The topics food security and water are in the focus of this year’s World Water Day.
Millions of people worldwide are drinking water contaminated by arsenic. Contaminants from arsenic compounds are among the most toxic drinking water pollutants that pose a serious threat to human health. Hungary is one European country that is severely affected. The Austrian company BWT (Best Water Technology), Europe’s market leader in water technology, has developed the world’s first anti-arsenic water filter able to removes toxic arsenic from tap water. In a joint venture with BWT, the Hungarian Red Cross will be distributing 500 water filters and cartridges to people living in regions where the drinking water has been polluted by arsenic. BWT is donating its products to this charitable organisation.
Arsenic: a global threat
In 1992, the WHO recommended a maximum level for arsenic in drinking water of 10 micrograms per litre. In Germany, this level has been strictly maintained in drinking water since 1996, but this has been exceeded in many European countries, and even in the USA. Countries in Central and South America are battling this problem along with Asian countries, where the level of arsenic contamination in drinking water in, for example, Bangladesh and Vietnam is particularly high.
Metalloid arsenic occurs naturally in the form of minerals and, as a metalloid, is found as a trace element in most soils, e.g. red sandstone and basalt. In certain conditions, harmful arsenic compounds can leach through rock and enter the groundwater.
A serious risk to health
Arsenic has no smell or taste, and has the dubious honour of being used in history, literature and films for poisoning enemies! And with good reason, because anyone who drinks arsenic-contaminated water over a long period of time can become ill. Skin complaints, damage to blood vessels, disorders affecting neural pathways and serious blood circulation problems can result from chronic arsenic pollution.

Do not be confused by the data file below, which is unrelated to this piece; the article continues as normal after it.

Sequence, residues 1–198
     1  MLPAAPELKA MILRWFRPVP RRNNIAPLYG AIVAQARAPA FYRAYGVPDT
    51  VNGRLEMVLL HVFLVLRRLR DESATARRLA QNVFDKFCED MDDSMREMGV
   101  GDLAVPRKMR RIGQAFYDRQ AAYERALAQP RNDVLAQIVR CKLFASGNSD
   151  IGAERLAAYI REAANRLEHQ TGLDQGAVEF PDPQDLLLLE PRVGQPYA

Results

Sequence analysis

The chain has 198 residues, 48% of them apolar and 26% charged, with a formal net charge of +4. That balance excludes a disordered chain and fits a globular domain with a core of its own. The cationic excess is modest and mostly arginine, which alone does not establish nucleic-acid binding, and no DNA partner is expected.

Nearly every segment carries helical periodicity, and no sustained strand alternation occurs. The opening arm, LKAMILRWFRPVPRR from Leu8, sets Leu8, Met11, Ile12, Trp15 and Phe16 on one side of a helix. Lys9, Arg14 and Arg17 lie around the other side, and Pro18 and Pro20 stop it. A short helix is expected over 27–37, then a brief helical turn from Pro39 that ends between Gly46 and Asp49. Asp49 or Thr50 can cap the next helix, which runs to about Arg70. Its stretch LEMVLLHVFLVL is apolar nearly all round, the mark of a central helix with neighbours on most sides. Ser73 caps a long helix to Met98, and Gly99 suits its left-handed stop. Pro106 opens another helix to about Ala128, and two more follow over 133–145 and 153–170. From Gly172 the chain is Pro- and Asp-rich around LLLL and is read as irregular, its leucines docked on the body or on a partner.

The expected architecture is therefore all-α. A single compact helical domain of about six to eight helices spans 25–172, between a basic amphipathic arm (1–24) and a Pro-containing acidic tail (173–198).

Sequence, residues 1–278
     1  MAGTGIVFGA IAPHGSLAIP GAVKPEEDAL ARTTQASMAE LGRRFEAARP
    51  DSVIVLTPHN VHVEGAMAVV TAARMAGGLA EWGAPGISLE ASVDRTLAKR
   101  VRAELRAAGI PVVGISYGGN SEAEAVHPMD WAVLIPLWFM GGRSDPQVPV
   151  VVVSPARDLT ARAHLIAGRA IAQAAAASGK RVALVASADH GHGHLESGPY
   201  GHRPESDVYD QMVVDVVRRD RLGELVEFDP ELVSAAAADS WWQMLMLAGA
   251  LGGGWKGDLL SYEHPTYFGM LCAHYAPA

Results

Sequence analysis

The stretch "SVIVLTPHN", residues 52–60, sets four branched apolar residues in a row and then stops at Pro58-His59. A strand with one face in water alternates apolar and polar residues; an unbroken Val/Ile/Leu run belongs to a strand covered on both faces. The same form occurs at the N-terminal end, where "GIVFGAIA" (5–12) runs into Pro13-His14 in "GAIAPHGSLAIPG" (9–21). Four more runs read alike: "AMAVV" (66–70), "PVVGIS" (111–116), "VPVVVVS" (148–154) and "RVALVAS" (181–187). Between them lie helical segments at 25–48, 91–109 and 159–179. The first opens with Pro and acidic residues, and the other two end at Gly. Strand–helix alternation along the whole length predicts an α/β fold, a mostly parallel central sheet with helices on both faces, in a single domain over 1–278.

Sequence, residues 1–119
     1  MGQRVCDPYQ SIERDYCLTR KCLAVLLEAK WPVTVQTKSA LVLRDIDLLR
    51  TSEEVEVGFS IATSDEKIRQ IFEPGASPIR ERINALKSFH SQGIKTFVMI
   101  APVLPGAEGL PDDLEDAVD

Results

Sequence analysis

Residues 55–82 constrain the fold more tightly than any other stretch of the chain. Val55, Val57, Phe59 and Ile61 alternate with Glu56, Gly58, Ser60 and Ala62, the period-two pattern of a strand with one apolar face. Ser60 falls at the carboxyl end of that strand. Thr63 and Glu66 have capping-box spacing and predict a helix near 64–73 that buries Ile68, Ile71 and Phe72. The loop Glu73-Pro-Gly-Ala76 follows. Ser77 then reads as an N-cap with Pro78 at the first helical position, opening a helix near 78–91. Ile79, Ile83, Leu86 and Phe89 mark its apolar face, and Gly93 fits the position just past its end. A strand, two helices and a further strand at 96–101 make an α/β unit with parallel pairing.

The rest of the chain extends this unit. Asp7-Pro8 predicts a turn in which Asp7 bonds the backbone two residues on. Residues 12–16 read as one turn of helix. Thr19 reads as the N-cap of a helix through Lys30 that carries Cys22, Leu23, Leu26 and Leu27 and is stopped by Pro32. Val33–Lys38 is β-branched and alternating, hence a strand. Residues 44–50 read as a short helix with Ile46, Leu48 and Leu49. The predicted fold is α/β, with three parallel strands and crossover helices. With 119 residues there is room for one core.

BWT anti-arsenic water filters provide safe drinking water
BWT’s recently developed anti-arsenic water filters remove toxic arsenic from tap water to provide safe drinking water. The multistage filtration process takes place in a filter cartridge that can be used in both BWT table water filters and in other common table water filters. The anti-arsenic filter not only removes the harmful arsenic in drinking water, but also reduces the level of substances that affect the taste of the water, e.g. chlorine, and reduces organic contaminants such as herbicides and pesticides. BWT will be launching its anti-arsenic filter on the Hungarian market in March 2012. The company is using the product launch to support an awareness campaign by the Hungarian Red Cross, highlighting the dangers of arsenic-polluted drinking water, and is donating 500 anti-arsenic filters, including filter cartridges, to the organisation.
“We estimate that around 470 areas or, more precisely, 1 million people in Hungary (i.e. 10% of the population of Hungary) drink arsenic-contaminated water every day. The levels in these regions significantly exceed the level recommended by the World Health Organisation”, says Mrs Baracskai, General Director of the Hungarian Red Cross. The Red Cross and BWT are using the day of action to inform as many people as possible about the health risks from arsenic, and to distribute this Austrian company’s anti-arsenic table water filters to the people who need them. “We are delighted to be able to support the Red Cross in Hungary in its awareness campaign about arsenic in drinking water”, says Andreas Weißenbacher, BWT Group CEO.
Picture: BWT supports the Hungarian Red Cross (Image: BWT)